MIT's tiny robot operates on your stomach from the inside

This microsurgeon is made of pig intestine normally used for sausages.

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MIT's tiny robot operates on your stomach from the inside
Imagine this: you accidentally swallowed a battery (!), and to get it out, you need to take a pill that turns into a robot. Researchers from MIT, the University of Sheffield and the Tokyo Institute of Technology have developed a new kind of origami robot that transforms into a microsurgeon inside your stomach. They squished the accordion-like robot made of dried pig intestine inside a pill, which the stomach acid dissolves. A magnet embedded in the middle allows you or a medical practitioner to control the microsurgeon from the outside using another magnet. It also picks up the battery or other objects stuck inside your stomach.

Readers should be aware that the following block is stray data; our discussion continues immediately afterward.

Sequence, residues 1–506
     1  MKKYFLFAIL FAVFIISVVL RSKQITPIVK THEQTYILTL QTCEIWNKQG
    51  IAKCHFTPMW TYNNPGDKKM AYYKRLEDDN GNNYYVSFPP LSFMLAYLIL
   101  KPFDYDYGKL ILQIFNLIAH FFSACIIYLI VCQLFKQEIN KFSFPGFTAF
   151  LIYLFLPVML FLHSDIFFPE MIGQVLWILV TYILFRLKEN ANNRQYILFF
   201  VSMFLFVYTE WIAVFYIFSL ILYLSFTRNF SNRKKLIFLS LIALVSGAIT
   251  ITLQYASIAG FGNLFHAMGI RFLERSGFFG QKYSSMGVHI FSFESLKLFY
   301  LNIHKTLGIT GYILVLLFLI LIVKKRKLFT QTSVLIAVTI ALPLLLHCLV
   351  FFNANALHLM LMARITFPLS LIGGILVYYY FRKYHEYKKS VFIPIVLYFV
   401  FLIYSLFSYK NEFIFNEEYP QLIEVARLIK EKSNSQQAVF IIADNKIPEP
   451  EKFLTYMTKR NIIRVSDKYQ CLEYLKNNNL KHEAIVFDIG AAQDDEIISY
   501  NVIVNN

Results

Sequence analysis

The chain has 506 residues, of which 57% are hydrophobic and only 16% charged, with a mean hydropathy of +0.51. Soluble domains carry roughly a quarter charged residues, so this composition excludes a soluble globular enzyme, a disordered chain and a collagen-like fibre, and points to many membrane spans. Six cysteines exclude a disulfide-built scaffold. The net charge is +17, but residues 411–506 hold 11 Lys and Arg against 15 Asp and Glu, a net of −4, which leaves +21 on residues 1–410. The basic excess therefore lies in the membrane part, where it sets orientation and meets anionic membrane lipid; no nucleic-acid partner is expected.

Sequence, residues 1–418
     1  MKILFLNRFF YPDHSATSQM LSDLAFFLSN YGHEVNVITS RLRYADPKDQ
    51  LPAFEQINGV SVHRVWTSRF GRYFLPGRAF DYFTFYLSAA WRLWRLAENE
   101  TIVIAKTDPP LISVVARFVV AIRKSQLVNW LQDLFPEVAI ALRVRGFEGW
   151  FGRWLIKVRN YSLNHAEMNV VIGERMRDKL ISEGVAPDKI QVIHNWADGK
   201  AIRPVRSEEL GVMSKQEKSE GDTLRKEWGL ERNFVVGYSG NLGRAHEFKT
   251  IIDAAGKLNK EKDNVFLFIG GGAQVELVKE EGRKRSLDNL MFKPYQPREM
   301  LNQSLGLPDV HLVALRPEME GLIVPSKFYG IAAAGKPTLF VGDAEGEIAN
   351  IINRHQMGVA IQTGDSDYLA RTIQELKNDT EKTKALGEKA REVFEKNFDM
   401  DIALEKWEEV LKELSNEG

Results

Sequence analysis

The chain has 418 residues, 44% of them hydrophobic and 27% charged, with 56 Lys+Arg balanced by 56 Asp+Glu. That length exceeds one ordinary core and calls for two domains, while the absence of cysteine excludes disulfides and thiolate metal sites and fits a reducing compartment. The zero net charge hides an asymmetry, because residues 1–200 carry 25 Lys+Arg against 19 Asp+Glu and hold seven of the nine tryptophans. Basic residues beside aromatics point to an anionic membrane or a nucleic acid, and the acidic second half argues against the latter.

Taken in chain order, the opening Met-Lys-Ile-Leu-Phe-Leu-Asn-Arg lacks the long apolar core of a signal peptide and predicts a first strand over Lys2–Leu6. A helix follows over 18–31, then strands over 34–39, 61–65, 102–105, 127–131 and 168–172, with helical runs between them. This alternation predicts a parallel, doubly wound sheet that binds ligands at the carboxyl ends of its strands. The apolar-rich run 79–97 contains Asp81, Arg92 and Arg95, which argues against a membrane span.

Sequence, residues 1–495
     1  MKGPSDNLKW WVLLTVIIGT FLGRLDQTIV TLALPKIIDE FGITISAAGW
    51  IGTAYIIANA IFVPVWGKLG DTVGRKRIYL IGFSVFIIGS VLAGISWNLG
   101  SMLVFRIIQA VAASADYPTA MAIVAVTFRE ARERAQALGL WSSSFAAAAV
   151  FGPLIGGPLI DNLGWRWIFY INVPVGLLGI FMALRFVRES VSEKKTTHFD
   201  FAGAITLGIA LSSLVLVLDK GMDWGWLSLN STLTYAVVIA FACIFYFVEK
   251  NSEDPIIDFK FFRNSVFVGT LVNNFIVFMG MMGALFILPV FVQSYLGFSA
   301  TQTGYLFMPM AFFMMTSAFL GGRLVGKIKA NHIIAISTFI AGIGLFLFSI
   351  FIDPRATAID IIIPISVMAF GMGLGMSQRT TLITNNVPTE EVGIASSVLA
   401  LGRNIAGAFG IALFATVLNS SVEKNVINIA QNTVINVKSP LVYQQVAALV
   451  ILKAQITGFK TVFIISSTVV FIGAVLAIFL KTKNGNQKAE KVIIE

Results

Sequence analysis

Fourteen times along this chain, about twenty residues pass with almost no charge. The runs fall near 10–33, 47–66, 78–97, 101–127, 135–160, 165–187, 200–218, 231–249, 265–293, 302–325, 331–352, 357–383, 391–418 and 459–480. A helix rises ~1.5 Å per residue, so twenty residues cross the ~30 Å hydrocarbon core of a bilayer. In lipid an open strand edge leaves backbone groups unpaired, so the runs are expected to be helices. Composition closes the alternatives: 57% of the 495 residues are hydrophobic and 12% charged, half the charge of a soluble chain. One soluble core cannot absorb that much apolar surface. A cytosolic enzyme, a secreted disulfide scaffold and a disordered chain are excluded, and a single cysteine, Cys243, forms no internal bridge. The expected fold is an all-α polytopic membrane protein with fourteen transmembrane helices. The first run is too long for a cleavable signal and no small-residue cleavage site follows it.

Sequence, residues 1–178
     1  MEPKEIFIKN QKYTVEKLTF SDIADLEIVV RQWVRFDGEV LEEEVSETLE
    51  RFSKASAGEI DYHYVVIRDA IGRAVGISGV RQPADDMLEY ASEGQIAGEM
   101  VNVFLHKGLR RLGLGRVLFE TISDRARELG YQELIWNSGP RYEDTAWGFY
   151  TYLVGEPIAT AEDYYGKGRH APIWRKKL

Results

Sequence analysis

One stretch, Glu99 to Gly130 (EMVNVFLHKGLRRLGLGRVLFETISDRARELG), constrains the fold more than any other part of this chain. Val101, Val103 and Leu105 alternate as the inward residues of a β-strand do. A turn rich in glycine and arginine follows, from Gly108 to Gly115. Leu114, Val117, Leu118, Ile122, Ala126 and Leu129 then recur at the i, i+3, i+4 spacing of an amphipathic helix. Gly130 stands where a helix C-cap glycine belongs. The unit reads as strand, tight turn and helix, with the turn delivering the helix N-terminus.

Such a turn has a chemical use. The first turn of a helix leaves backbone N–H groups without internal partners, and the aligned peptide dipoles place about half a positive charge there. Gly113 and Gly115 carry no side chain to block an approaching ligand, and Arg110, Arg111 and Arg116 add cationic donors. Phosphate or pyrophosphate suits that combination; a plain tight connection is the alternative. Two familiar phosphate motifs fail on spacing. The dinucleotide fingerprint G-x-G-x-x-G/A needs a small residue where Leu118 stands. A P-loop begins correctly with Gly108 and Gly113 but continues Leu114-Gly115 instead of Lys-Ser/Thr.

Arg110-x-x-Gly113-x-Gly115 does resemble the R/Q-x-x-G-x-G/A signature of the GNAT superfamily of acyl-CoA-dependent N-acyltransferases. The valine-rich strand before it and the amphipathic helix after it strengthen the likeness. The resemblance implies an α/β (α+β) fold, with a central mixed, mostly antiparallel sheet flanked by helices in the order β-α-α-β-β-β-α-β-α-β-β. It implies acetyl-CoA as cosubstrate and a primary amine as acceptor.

This new design is a follow up to an older origami robot also developed by a team headed by MIT CSAIL director Daniela Rus. It has a completely different design and propels itself by using its corners that can stick to the stomach's surface. The team decided to focus on battery retrieval, because people swallow 3,500 button batteries in the US alone. While they can be digested normally, they sometimes burn people's stomach and esophagus linings. This robot can easily fish them out of one's organs before that happens. Besides origami surgeons, Rus-led teams created a plethora of other cool stuff in the past, including robots that can assemble themselves in the oven.

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